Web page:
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An Introduction To Non-aristotelian Systems And General Semantics.

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Section B. Illustrations from nutrition experiments.
We find striking illustrations of the non-el principle in the study of 'vitamins'. A few years ago it was discovered that certain widely spread and pernicious diseases were due to deficiencies of some factors in diet. These factors, which normally are present in very minute amounts, were called 'vitamins' by the Polish biologist, Funk. The most important vitamin-deficiency diseases are called Rickets, Scurvy, Beri-Beri, and Pellagra. In all these cases, it is important to notice that the lack of a minute amount of some factor may have the most varied, pronounced, and seemingly unrelated consequences. The symptoms can now be produced deliberately on experimental animals, by diets free from the particular 'vitamins' and can also be cured at will by feeding them with the proper 'vitamins'.11
Rickets appears essentially as a disease of infancy or childhood. In mild cases, the disease may only be discovered after the death of the adult. In these cases, the lesions have not become pronounced enough during life to attract attention.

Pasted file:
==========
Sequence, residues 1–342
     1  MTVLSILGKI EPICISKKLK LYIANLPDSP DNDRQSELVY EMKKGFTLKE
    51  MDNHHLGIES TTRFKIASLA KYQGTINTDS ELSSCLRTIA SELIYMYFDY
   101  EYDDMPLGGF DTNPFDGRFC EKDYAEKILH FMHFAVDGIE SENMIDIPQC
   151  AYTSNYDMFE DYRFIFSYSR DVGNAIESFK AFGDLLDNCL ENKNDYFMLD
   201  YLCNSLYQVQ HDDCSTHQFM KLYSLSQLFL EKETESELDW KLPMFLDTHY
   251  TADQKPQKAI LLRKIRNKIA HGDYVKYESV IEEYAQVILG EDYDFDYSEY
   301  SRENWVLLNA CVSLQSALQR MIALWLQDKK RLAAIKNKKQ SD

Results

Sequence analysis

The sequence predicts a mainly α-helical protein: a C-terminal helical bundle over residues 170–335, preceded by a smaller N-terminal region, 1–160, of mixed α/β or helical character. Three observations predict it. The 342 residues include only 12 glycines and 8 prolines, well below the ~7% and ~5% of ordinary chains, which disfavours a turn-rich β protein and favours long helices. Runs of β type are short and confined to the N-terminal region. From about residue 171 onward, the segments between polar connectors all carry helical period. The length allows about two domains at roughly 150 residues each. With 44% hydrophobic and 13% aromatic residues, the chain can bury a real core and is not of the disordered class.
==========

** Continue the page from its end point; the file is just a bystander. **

The diagnosis usually depends on manifestations in the bones, but rickets affects the whole organism and not merely the skeleton. The children are nervous and irritable, but apathetic. They sleep poorly and perspire excessively. The muscles become wasted and weak. Often a secondary anaemia occurs. The children sit, stand, and walk later than usual; the teeth appear later in life and decay sooner. The bones usually become much affected. Areas of softening appear in the long bones, which become bent. In more severe cases, the bones may even become fractured and the head of the bone may separate from the shaft. The general resistance of the children to other diseases is lowered and mortality increases.
Cod liver oil or sunshine usually effects a cure. We should notice the little word 'or', for quite different 'causes' produce similar 'effects' - an example illustrating that in life 'cause' and 'effect' do not correspond in a one-to-one relation, but in a many-to-one relation.
Experiments have shown that not less than three primary dietary factors are concerned with the development of skeletal tissue. These are phosphorus, calcium, and at least one organic compound which is known as antirachitic vitamin. The work of Professor E. V. McCollum and his co-workers seems to show an interesting point; namely, that the ratio between the concentrations of calcium and of phosphorus in the food may be more important than the absolute amounts of these substances.